What Is A Smartphone For?

Some would say we have an unhealthy relationship with our phones. That for many it is a digital attachment to our hands, ever present in a world that increasingly encourages it. Others would argue it’s a revolution, allowing us to be more connected to each other and have more information at our fingertips than ever before. We all sit somewhere on the spectrum between those two extremes, but I find it essential to try to establish where you are, and where you want to be.

Personally, I have a weird relationship with mine. I don’t like to use it much, but I am stuck in a world, a job, and an interest group that needs one. Having come to the realisation that I can’t get rid of it, I like to push it to the extremity. Or at least that is the story I like to tell myself.

I don’t like to use my phone, but I do. Going through periods of addiction, then realisation, before I return to sporadic use. The reasons for this are varied. I am unquestionably being manipulated by the apps and services I use, but all of this lays at my door. The reality is that I love using my phone, it allows me to interact with more people, get more stuff done and generally be more social than I would be in person. However, using it makes me a worse person. I don’t sleep as much, I am distracted, and I hate what it does to my brain. So, I ask myself this question, often whist staring at the slab of metal and glass in my hand. What is my smartphone for?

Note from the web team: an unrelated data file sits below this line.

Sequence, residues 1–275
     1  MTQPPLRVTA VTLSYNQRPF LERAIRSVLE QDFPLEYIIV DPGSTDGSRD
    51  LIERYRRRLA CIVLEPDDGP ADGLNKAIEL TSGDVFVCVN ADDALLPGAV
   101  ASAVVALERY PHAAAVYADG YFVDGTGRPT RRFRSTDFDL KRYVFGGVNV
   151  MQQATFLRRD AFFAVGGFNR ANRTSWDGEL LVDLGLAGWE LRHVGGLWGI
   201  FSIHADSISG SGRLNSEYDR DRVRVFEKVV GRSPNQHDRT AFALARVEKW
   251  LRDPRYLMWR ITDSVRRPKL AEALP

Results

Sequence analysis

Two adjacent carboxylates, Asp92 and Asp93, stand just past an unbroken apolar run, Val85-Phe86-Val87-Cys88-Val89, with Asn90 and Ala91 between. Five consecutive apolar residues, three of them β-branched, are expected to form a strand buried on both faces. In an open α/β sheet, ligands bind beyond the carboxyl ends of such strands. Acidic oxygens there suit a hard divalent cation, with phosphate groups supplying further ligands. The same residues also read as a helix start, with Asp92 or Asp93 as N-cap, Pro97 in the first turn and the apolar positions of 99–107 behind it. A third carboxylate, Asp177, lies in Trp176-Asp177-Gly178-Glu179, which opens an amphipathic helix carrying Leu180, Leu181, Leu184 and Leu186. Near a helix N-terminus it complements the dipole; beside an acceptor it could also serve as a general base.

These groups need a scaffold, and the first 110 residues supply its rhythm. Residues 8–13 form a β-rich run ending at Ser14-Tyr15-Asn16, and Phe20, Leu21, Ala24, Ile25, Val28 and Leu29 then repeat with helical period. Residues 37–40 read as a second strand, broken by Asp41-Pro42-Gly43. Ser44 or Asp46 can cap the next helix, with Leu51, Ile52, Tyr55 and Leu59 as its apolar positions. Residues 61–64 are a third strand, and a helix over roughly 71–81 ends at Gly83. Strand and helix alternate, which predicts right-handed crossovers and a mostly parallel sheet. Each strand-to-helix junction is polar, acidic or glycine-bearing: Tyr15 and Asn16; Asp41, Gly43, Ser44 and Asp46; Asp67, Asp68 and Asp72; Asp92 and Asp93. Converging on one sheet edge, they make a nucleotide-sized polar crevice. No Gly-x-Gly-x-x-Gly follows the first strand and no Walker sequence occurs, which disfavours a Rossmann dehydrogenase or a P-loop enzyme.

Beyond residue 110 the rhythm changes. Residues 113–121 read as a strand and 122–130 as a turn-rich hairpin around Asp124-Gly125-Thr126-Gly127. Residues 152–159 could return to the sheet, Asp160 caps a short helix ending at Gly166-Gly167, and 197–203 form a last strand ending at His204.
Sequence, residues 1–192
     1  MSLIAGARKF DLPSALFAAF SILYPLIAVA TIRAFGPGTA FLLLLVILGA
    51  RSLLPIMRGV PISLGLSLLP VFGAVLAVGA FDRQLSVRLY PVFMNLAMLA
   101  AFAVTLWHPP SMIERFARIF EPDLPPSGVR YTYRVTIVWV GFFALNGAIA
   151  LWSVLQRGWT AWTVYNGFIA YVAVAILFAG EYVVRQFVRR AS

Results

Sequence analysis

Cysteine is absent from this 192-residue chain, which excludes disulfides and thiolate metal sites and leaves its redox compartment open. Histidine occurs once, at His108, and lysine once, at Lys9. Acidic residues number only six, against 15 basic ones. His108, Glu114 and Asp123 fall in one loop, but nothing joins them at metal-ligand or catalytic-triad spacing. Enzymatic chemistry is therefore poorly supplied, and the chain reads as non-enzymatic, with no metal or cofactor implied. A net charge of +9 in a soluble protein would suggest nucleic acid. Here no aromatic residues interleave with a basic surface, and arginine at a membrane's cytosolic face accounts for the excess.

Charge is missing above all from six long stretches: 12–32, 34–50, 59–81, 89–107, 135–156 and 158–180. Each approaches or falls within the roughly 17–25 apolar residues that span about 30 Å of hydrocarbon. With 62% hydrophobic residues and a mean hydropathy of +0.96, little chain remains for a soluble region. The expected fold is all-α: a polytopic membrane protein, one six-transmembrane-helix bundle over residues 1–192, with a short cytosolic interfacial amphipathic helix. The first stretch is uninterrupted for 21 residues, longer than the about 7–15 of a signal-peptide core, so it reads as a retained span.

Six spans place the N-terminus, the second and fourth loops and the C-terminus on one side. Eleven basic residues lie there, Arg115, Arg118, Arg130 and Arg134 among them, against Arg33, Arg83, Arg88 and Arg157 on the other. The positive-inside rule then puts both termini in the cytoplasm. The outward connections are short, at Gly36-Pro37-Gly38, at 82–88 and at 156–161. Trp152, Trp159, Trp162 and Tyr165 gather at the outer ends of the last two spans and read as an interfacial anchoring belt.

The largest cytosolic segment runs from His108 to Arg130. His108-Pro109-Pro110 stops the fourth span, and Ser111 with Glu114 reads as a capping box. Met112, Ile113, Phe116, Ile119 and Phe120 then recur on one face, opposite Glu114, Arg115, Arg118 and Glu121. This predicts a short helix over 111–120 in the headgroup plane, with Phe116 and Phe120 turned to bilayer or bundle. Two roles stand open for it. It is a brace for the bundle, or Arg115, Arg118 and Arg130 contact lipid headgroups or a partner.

What does it achieve? Which tasks couldn’t be achieved without it? What can I do easier? There are numerous answers to these questions, but focusing on them is important. Using the tool for the purpose you bought it for in the first place and not sliding down the hole is all about self-control. Being able to know what job your phone is doing, and what it is doing to you.

Everyone’s answer to those questions will be different. I need my phone to keep in contact with people I don’t see in person. For taking photos of my kids to save. To share my thoughts and ideas with the world. I don’t need it for scrolling through Reddit at 2am. Or for tweeting random stuff instead of interacting with people that are around me. However, for others this will be different, and some of those things will be true, but knowing this is half the battle.

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